A summary of Special Educational Needs and Disability reforms
Education Health and Care Plans
From 1st September 2014, as part of the Children and Families Act, Statements of Special Educational Needs will be replaced by Education, Health and Care (EHC) Plans in England.
The plans aim to improve:
- joint work across education,
- health and social care services and agencies with an assessment coordinator taking the lead;
- participation in decision-making by children, young people and their families;
- the focus on outcomes;
- its scope by covering children from 0-25, including colleges, academies and free schools;
- the distinction between statutory (must) and non-statutory (should) duties on schools, local authorities and joint commissioning.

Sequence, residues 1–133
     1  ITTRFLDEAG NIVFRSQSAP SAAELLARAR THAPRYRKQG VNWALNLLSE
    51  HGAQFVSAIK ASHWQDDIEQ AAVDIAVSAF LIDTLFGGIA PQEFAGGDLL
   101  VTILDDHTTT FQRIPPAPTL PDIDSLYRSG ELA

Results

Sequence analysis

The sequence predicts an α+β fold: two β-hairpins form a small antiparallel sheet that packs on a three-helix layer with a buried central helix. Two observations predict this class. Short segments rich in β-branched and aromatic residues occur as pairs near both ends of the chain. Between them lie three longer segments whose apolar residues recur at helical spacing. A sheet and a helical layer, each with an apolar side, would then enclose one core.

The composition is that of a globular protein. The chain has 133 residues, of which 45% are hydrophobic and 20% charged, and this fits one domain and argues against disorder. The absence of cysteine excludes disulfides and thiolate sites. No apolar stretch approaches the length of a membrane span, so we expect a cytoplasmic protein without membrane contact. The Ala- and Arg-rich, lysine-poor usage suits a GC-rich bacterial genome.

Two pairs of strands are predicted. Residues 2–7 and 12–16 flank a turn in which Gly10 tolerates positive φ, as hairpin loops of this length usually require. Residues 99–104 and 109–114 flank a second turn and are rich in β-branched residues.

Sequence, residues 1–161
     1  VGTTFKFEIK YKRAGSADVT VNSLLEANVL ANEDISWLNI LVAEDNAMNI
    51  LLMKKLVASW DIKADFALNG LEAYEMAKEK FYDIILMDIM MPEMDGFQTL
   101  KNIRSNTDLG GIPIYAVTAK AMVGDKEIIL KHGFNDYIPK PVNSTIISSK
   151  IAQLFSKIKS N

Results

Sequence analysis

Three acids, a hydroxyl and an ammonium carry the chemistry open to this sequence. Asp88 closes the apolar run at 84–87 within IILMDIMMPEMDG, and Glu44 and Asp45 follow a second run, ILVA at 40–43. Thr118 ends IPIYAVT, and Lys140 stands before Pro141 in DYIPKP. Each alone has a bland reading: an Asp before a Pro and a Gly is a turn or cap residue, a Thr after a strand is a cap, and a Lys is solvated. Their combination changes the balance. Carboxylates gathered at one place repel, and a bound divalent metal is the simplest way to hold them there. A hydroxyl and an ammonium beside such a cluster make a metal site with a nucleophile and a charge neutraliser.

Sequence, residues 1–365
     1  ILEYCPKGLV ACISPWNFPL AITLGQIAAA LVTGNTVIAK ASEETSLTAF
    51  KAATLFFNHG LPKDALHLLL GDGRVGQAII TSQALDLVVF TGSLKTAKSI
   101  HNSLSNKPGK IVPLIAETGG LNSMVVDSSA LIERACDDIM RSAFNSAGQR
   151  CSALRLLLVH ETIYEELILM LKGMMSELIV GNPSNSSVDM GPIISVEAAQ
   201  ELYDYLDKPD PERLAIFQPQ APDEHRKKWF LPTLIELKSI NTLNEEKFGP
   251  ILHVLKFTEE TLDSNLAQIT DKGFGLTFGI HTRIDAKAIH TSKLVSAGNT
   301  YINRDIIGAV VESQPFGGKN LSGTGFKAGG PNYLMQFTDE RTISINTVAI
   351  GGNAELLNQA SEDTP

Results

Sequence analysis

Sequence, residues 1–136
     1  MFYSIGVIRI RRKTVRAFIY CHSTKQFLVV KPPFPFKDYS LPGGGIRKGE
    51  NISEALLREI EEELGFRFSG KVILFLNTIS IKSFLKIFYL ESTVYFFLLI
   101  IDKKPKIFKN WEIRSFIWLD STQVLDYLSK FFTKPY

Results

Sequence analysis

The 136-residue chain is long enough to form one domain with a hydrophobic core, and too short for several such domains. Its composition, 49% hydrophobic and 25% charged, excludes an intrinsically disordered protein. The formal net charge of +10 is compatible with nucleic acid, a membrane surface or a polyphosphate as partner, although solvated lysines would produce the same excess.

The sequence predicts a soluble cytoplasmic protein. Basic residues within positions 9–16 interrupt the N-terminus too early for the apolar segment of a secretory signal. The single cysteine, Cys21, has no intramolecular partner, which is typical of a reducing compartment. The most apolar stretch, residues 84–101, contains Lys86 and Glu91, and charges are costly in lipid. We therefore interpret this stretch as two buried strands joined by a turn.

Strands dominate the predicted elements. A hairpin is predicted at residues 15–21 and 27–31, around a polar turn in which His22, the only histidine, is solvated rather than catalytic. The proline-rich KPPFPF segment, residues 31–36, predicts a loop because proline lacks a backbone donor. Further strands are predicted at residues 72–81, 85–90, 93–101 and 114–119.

For those who currently have a Statement there will be a transition period until April 2018 to move over to the new system.
The process will be similar to the current statement with a time limit of 20 weeks and will include education, health and social care needs up to the age of 25 if continuing in education. The decision must be made within six weeks.
The definition of SEN should not change.
An example of an EHC Plan can found here here.
Guidance on writing the EHC Plans can be found here.
School Action and School Action Plus are being replaced by a more general ‘SEN support’ with four stages: assess, plan, do and review. Your child’s difficulties must be assessed so that the right support can be provided, and there is still the option to bring in specialist advice from outside school.
The current format for Individual Education Plans (IEPs) is no longer required, but schools must make a record of targets and outcomes which should be reviewed at least yearly.